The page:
I'm reading Doug Bates' theory paper on R's lme4 package to better understand the nitty-gritty of mixed models, and came across an intriguing result that I'd like to understand better, about using restricted maximum likelihood (REML) to estimate variance.
In section 3.3 on the REML criterion, he states that the use of REML in variance estimation is closely related to the use of a degrees of freedom correction when estimating variance from residual deviations in a fitted linear model. In particular, "although not usually derived this way", the degrees of freedom correction can be derived by estimating the variance through optimization of a "REML criterion" (Eq. (28)). The REML criterion is essentially just the likelihood, but the linear fit parameters have been eliminated by marginalizing (instead of setting them equal to the fit estimate, which would give the biased sample variance).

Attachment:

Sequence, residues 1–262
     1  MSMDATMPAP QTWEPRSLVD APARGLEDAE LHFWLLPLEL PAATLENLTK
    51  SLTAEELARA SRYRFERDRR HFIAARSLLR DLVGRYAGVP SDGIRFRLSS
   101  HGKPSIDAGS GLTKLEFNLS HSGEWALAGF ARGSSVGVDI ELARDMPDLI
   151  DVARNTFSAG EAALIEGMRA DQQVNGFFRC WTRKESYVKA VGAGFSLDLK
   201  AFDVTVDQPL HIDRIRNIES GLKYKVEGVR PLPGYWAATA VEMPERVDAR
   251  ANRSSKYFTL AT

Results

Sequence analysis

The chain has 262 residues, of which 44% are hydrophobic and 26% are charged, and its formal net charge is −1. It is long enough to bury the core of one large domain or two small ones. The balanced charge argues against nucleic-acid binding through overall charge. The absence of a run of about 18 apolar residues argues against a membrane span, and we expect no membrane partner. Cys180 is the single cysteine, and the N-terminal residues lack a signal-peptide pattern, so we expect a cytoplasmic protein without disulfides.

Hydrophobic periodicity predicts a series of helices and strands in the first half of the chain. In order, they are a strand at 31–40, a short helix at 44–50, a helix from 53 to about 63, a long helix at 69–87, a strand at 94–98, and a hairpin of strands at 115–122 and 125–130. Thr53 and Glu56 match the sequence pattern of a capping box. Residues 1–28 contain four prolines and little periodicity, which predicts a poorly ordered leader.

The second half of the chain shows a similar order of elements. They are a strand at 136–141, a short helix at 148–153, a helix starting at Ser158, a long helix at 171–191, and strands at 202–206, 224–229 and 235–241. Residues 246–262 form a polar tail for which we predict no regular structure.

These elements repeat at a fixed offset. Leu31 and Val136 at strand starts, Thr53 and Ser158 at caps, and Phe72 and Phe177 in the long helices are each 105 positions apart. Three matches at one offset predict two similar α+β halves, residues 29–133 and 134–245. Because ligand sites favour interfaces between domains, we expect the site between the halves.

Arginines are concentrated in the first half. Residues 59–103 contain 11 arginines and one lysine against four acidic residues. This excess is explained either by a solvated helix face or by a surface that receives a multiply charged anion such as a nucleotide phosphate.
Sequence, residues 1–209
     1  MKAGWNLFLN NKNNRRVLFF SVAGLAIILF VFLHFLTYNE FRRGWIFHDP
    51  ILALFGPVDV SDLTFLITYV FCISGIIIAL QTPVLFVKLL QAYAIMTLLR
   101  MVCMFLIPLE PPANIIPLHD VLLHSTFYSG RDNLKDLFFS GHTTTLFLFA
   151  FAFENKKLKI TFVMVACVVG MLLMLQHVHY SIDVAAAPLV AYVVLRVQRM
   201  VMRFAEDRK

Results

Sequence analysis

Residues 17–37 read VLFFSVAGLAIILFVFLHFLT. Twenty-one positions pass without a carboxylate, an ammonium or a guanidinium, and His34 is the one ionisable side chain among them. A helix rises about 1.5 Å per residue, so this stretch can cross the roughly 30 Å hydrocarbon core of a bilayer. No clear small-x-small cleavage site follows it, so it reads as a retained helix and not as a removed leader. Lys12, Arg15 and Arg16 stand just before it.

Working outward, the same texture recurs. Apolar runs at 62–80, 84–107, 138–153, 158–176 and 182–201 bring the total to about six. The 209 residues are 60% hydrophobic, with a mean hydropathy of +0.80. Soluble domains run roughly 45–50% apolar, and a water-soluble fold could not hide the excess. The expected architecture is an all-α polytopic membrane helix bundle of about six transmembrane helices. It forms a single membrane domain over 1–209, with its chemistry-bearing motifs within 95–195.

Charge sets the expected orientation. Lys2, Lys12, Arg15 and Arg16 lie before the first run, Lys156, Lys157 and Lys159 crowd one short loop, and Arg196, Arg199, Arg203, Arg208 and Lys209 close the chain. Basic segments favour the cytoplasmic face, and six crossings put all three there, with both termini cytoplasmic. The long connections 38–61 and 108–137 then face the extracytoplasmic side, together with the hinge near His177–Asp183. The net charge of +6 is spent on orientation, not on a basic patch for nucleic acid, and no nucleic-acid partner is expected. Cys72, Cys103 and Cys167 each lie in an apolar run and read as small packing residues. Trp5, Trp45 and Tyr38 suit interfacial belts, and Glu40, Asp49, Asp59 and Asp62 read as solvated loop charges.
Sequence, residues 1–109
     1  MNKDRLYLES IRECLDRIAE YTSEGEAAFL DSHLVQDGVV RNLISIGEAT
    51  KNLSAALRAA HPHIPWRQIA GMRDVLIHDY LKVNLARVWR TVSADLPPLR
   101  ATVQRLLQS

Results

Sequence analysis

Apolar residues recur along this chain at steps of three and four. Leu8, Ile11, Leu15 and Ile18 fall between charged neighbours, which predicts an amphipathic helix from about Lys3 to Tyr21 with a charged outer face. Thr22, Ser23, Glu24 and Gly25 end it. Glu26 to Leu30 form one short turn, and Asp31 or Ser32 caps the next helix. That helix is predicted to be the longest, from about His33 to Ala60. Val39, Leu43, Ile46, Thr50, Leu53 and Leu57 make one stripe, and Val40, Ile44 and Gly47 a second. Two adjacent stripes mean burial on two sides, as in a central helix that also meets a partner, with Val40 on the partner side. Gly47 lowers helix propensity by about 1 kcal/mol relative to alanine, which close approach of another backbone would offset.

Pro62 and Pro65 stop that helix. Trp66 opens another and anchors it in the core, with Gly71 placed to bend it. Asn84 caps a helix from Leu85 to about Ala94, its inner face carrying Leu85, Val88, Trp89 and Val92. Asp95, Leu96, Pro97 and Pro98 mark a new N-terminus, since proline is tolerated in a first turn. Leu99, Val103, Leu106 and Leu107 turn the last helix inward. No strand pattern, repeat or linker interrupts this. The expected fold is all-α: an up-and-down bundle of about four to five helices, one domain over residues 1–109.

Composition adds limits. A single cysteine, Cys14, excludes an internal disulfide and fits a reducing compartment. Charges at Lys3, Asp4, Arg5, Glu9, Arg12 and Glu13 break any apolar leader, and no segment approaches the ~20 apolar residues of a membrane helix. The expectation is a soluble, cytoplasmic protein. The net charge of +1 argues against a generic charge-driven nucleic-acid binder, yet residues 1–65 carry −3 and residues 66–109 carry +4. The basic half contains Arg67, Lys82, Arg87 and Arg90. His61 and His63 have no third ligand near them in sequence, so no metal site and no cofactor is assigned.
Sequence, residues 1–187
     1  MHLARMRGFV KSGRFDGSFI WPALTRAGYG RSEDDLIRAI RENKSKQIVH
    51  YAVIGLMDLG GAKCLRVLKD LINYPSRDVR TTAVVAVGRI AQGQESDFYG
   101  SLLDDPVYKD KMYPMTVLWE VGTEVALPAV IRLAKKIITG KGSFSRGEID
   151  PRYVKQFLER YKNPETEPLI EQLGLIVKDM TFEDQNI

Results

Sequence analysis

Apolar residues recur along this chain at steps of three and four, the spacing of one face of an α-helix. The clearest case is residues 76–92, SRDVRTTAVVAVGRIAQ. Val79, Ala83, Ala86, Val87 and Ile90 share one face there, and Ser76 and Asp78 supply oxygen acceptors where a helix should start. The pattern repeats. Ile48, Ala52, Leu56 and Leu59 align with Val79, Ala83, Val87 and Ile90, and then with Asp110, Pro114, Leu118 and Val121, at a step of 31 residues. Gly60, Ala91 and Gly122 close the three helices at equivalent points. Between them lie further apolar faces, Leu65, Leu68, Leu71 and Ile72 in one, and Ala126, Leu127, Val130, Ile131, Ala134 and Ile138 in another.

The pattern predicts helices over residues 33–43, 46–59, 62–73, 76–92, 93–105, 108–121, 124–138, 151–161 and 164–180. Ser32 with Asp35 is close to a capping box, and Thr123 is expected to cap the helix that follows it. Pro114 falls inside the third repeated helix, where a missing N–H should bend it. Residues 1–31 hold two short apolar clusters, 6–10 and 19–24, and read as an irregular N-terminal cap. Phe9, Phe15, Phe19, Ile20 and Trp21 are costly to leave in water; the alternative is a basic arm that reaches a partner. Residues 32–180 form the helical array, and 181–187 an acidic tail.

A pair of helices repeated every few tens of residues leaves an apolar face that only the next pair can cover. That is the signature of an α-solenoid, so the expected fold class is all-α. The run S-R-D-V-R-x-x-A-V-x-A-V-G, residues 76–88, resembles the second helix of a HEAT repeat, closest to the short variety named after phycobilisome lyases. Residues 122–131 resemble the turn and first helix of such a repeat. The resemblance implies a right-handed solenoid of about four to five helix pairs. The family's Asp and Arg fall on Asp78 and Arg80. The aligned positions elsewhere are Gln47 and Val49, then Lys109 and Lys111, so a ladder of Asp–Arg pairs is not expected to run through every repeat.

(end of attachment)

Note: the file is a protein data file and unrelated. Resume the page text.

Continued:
I did the math and verified the claimed result for a simple linear model with only fixed effects. What I'm struggling with is the interpretation. Is there some perspective from which it is natural to derive a variance estimate by optimizing a likelihood where the fit parameters have been marginalized out? It feels sort of Bayesian, as though I'm thinking of the likelihood as a posterior and marginalizing out the fit parameters as though they are random variables.
Or is the justification primarily just mathematical - it works in the linear case but is also generalizable?